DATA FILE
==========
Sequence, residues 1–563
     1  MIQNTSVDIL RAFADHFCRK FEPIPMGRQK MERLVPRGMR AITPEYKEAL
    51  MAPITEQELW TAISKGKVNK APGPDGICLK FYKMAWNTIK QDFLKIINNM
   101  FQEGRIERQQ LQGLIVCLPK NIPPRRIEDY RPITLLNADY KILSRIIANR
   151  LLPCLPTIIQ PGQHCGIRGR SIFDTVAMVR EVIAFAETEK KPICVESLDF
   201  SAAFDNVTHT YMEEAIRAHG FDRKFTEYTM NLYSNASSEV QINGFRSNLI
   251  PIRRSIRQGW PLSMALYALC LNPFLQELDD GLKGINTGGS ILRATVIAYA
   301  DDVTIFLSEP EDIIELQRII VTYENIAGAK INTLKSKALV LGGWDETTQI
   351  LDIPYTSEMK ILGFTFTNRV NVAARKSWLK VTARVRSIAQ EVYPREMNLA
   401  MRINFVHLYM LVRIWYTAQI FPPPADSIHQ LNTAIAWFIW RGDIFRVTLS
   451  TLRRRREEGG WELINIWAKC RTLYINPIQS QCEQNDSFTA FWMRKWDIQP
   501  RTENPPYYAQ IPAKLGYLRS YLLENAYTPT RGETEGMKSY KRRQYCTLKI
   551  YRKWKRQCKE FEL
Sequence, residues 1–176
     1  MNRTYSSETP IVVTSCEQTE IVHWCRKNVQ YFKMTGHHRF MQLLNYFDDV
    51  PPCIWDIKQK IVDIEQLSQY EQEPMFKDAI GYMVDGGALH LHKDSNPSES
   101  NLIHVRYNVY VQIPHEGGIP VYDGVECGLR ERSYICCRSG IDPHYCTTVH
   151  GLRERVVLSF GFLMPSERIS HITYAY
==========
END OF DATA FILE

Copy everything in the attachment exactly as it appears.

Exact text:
Sequence, residues 1–563
     1  MIQNTSVDIL RAFADHFCRK FEPIPMGRQK MERLVPRGMR AITPEYKEAL
    51  MAPITEQELW TAISKGKVNK APGPDGICLK FYKMAWNTIK QDFLKIINNM
   101  FQEGRIERQQ LQGLIVCLPK NIPPRRIEDY RPITLLNADY KILSRIIANR
   151  LLPCLPTIIQ PGQHCGIRGR SIFDTVAMVR EVIAFAETEK KPICVESLDF
   201  SAAFDNVTHT YMEEAIRAHG FDRKFTEYTM NLYSNASSEV QINGFRSNLI
   251  PIRRSIRQGW PLSMALYALC LNPFLQELDD GLKGINTGGS ILRATVIAYA
   301  DDVTIFLSEP EDIIELQRII VTYENIAGAK INTLKSKALV LGGWDETTQI
   351  LDIPYTSEMK ILGFTFTNRV NVAARKSWLK VTARVRSIAQ EVYPREMNLA
   401  MRINFVHLYM LVRIWYTAQI FPPPADSIHQ LNTAIAWFIW RGDIFRVTLS
   451  TLRRRREEGG WELINIWAKC RTLYINPIQS QCEQNDSFTA FWMRKWDIQP
   501  RTENPPYYAQ IPAKLGYLRS YLLENAYTPT RGETEGMKSY KRRQYCTLKI
   551  YRKWKRQCKE FEL
Sequence, residues 1–176
     1  MNRTYSSETP IVVTSCEQTE IVHWCRKNVQ YFKMTGHHRF MQLLNYFDDV
    51  PPCIWDIKQK IVDIEQLSQY EQEPMFKDAI GYMVDGGALH LHKDSNPSES
   101  NLIHVRYNVY VQIPHEGGIP VYDGVECGLR ERSYICCRSG IDPHYCTTVH
   151  GLRERVVLSF GFLMPSERIS HITYAY